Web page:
This is a job that fits Zucker well. He is passionate about news, sports and live television. He said WarnerMedia executives had an eye toward the future of television when they decided to combine news and sports under one executive.
“Live programming will drive the legacy Turner networks: CNN, TBS and TNT,” Zucker said. “That’s the future of much of legacy television for broadcast and cable networks. It’s live programming that’s going to differentiate them from all of the streaming services.”
That’s why Zucker is so bullish on sports and news programming. He believes live programming will continue to be critically important to linear television networks for at least the next decade.
“The future of the traditional legacy broadcast networks and large cable networks — that’s news and sports,” Zucker said. “That’s why it’s exciting that we’ve grouped what we’ve grouped together, and that’s why sports will continue to play such an important role. Without sports, I don’t think those networks would be what they are.”
To that end, Zucker said he has looked into switching the format for some Turner networks so that they can take better advantage of live news and sports.
“There’s complications with all of them, right,” he said. “None of that is easy. That’s a mitigating factor. But as you look over the next decade at all these legacy cable channels, you have to think about where they’re going to be in the next 10 years … HLN and truTV, both of which you mentioned, are networks that we have looked at with regard to possibly thinking about doing something else.”
Zucker on challenges facing sports leagues“Each of the sports has their own upsides and potential issues. They’re all dealing with each of those individually. In a macro sense, the thing I would guard against is putting too many packages in too niche places.”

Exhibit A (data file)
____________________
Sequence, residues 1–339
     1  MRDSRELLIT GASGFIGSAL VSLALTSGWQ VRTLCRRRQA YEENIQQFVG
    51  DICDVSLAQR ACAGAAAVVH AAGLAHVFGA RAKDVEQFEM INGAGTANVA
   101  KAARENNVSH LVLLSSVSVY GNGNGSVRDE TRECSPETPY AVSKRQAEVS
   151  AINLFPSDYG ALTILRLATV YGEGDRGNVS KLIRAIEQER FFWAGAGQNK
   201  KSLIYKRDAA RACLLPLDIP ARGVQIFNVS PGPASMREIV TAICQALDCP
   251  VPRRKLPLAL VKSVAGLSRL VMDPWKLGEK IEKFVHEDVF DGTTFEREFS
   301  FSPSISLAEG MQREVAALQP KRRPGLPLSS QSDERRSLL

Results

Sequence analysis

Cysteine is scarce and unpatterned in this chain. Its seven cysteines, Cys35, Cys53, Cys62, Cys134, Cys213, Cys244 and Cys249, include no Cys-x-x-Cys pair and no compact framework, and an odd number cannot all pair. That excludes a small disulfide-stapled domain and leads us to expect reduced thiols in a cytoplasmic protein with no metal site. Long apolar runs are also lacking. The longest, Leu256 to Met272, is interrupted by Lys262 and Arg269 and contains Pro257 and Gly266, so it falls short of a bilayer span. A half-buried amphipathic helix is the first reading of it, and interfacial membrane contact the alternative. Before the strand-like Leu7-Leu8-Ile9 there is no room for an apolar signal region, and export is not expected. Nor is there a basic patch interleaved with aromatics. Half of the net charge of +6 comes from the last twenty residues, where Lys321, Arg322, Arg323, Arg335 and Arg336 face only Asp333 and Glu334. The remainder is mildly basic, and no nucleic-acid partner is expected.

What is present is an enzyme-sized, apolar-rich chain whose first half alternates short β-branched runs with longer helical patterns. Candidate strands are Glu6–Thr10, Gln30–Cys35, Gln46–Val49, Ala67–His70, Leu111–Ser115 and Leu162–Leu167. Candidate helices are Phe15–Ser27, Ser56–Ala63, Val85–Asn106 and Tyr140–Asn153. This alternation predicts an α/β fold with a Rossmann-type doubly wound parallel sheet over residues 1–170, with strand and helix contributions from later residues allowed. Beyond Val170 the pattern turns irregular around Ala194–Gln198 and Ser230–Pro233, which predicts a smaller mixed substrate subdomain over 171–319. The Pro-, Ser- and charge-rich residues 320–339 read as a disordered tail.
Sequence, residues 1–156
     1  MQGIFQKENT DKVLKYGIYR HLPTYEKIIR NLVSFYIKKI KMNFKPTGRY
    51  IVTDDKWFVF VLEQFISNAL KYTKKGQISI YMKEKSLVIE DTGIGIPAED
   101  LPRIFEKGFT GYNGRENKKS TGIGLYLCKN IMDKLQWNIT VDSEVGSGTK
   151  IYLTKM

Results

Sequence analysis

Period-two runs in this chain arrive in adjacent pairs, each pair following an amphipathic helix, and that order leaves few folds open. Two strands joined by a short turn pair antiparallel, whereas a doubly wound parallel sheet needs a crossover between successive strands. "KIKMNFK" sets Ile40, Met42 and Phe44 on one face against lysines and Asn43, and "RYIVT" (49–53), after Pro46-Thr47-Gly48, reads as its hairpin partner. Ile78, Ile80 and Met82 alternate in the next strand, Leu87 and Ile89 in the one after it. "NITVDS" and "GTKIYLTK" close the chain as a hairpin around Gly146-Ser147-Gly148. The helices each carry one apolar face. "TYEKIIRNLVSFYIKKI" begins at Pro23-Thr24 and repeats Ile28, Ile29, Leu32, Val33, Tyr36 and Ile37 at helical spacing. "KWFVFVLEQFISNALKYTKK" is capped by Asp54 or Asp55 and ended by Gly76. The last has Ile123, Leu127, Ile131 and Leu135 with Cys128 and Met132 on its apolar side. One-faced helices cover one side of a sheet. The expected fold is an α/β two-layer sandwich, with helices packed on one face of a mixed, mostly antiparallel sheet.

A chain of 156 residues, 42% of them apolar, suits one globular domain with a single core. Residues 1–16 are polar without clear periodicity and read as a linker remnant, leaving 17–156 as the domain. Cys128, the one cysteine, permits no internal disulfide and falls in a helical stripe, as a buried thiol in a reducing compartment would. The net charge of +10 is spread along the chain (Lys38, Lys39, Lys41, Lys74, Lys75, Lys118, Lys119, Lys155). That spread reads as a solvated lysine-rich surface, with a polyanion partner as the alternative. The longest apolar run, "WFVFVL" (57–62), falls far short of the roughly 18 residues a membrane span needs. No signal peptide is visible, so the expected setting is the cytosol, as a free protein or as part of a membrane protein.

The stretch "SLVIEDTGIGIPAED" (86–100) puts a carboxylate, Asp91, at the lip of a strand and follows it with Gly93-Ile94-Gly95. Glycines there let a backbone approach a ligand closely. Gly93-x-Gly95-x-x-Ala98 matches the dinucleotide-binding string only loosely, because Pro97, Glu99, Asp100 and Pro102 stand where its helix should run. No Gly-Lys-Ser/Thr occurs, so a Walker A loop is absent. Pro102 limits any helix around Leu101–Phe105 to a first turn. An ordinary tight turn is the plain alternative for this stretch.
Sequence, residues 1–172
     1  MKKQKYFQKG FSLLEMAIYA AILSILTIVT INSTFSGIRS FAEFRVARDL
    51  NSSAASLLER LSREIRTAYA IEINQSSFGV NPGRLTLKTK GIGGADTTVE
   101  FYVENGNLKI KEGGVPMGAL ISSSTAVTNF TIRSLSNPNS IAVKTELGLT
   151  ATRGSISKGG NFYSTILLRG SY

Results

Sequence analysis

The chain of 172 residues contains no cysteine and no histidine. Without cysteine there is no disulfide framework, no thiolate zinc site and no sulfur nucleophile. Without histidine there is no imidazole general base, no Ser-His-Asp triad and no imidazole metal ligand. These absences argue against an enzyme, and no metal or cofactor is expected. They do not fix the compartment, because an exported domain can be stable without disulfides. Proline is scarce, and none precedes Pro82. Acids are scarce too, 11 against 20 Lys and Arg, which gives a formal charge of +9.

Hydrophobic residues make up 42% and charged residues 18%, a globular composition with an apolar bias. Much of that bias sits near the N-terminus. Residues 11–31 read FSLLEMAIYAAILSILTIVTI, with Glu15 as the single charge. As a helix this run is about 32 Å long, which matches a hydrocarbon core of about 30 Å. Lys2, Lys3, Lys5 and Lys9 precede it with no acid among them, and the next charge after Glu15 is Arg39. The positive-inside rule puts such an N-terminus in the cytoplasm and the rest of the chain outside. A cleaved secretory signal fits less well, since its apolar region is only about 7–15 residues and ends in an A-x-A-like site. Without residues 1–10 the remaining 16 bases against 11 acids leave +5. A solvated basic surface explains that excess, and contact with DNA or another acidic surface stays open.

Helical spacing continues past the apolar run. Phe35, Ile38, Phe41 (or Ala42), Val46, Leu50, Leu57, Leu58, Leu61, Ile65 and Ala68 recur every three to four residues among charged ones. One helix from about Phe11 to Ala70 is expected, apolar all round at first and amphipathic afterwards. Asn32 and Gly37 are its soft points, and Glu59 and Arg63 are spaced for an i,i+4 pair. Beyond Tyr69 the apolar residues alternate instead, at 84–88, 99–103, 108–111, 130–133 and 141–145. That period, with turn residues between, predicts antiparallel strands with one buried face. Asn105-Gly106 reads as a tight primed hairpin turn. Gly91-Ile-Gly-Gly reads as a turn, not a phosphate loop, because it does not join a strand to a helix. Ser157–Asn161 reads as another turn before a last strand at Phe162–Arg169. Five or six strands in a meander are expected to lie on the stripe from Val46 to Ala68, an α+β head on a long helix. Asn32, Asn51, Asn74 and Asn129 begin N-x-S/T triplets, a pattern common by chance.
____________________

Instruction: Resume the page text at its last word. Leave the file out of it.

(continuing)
Zucker’s team put in a bid to renew the UEFA Champions League rights that went to CBS earlier this month. The team has had what Zucker called “serious discussions” to poach PGA Tour rights from NBC Sports Group and CBS, a decision that is expected to come by the end of the year.
But whenever he discussed sports rights, Zucker spoke of the need to take a disciplined and strategic approach.
“We’re going to look at everything that comes along,” Zucker said. “We’re interested in remaining a big player in the sports world. … We’re going to be disciplined. We’re going to do the right thing for us.”
Because TV networks will continue to value sports rights, Zucker predicted their price tag would continue to increase. That will cause media companies to make hard choices about what sports they want to carry and which ones they want to give up.
“Maybe you don’t play in everything,” he said. “Organizations will make their own individual choices. You may not be able to afford everything, but you’ll need to be able to afford just enough to stay vital.”
As for Big Tech, Zucker remained skeptical that companies such as Amazon, Google and Netflix will be big players in the sports business any time soon.
“Do I think that one or two of the leagues might divvy up a package? It could happen, but I just don’t believe that’s going to change the fortunes of those tech companies. … I just don’t think that there’s going to be this mass migration or big move.”